[St. Louis Merchants' Exchange Reports]



By rail cars. .

By river feet. .



1902.



71,727
2,086,000



81,572
1,836,000



1904.



76, 101



1905.



1906.



85,988
1,435,000



97,441
1,841,000



a Shipments lor 1904 not available.

Table 28 — Receipts of coal at St. Louis via Ohio River, 1902-1906
[St. Louis Merchants' Exchange Reports]



Year.


Tons.


1902


58,500


1903




107,680


1904


101,200


1905


125,755


1906


160, 120







Below are embodied a series of tables showing the receipts and
exports of grain at New Orleans and the movement of river traffic
in the same commodities:

Table 29 — Receipts and exports of grain at New Orleans, 1878-1907

[From monthly summary of commerce and finance, 1900, and from annual report New Orleans Board

of Trade, 1906]



Year.



1873
1874
1875
1876
1877
1878,
1879
1880,
1881
1882
1883
1884
1885
1886,
1887,
1888,
1889,
1890,
1891,
1892,
1S93,
1894.
1895,
1896,
1897,
1898,
1899.
1900.
1901.
1902.
1903.
1904.
1905.
1906.
1907.



Flour.



Received.



Barrels.
1,046,024
1,001,504
804,242
791,701
631,602
639, 304
019, 461
626, 418
042. 460
729, 749
726, 291
692,303
602,609
694,263
624,852
671, 331
675,924
640, 373
652,873
842,064
766,252
756,068
655,291
647, 525
516, 310
747, 879
734,027
647,796
535,371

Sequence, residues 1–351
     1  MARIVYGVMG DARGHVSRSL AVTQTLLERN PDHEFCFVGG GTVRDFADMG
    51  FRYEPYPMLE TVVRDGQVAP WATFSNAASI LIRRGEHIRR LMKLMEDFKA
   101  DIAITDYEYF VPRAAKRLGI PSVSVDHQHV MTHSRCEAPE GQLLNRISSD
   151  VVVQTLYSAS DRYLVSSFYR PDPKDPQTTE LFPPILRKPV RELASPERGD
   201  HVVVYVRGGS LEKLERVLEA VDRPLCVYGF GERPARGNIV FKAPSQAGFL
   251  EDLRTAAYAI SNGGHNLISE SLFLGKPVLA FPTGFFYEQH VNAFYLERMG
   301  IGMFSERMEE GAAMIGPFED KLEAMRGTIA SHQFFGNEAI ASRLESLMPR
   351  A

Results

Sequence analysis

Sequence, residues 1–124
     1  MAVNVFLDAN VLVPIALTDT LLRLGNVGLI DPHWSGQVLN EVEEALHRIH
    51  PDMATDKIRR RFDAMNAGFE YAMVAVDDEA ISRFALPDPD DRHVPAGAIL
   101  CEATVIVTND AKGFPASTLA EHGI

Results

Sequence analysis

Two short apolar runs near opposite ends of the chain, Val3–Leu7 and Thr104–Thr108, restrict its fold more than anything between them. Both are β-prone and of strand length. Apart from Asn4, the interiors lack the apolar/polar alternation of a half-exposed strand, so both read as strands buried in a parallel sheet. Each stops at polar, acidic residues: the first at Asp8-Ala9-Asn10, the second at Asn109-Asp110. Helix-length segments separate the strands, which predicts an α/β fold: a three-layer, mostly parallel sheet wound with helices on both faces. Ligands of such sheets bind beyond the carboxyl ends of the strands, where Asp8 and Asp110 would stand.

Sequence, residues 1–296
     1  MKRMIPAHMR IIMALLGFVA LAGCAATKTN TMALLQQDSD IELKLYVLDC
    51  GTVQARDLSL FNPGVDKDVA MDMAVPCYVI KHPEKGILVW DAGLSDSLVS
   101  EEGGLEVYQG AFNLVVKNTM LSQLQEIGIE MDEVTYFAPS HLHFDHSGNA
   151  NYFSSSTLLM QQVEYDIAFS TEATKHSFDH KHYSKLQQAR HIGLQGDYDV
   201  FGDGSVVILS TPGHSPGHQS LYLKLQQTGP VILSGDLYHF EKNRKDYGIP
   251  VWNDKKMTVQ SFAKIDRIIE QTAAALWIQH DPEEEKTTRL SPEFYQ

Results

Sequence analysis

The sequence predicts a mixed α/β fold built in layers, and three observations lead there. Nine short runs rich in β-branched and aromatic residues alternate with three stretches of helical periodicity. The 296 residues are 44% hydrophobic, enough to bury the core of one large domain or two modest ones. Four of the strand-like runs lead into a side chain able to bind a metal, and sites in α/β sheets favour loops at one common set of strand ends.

561,147
528, 471
505,428
497, 143
520, 577
766,218



Ex-
ported.



Barrels.

54,006

176,745

74, 219

93, 792

34, 208

38,082

40,230

102, 361

60,543

66,119

83,935

35, 572

25,430

24,832

54,125

43, 152

31,646

44,276

52,015

225, 841

117,878

133,075

91,140

268, 154

345, 017

295, 472

462,462

378,306

571,209

530, 162

1,162.719

660, 129

783, 108

1,219,867

855,808



AVheat.



Received.



Bushels.

896

325. 287

145, 485

82,812

110,561

1,048,857

3, 128. 914

5.169.497

6,707,982

2,890,698

2, 372, 430

1,551,591

95,906

1,039,466

4.368,951

1,484,951

1,583,385

1,593,275

10, 604, 450

14,592,156

13,181,944

2, 390, 353

868,944

3, 852, 623

10,642,166

12,657,877

11,874,589

7, 440, 472

24, 7%, 841

17,250,250

11,218,975

1,737,015

809,600

5, 473, 800

5,318,200



Exported.



Bushels.



265,788

206, 399

37, 102

105,271

838,088

2, 796, 669

5, 344, 510

4, 420, 614

6. 100, 233

7; 089, 361

648,337

1,590,124

30, 702

4, 345, 553

1,566,297

960,949

1,523,014

10, 336, 186

14,207,443

12, 896, 734

2,925,541

836, 202

3,853,337

10,356,248

12, 795, .542

11,562,812

8,055,397

24, 485, 807

10, 505, 284

11,897,486

2,089,814

584. 334

5,675,8^3

5,181,165



Com.



Received.



Bushels.

6,097,522

5,080,402

3, 465, 909

4, 202, 022

5, 580, 150

7,996,361

7,023,191

11,177,045

11,508,685

4,024,325

10,853,264

6,092,398

8,059,486

8, 195, 998

8,352,999

7,001,185

14,933,398

13,780,264

3, 354, 773

7,501,128

7,611,607

4,381,173

9,927,676

25, 989, 094

27,559,482

19, 74S, 497

22,041,796

23,292,659

11,904,615

2,791,633

12,756,740

4,580,357

25,052,020

19, 339, 812

9,051,000



Exported.



Bushels.

946, 457

1,244,963

197, 4^3

1,639,756

2,824,921

6,025,664

3,909,589

9,205,984

7,797,557

245,987

6, 378, 158

6,051,507

6, 644, 639

8,553,913

7,505,816

4,949,723

11,812,859

12,028,362

1,912,173

7, 379, 678

6,506,333

5,441,448

8,756,706

25,292,502

27, 714, 472

20, 735, 569

21,939,586

23, 403, 453

12,471,703

2,074,917

12,998,4.39

5,309,214

21,937,962

17,337,450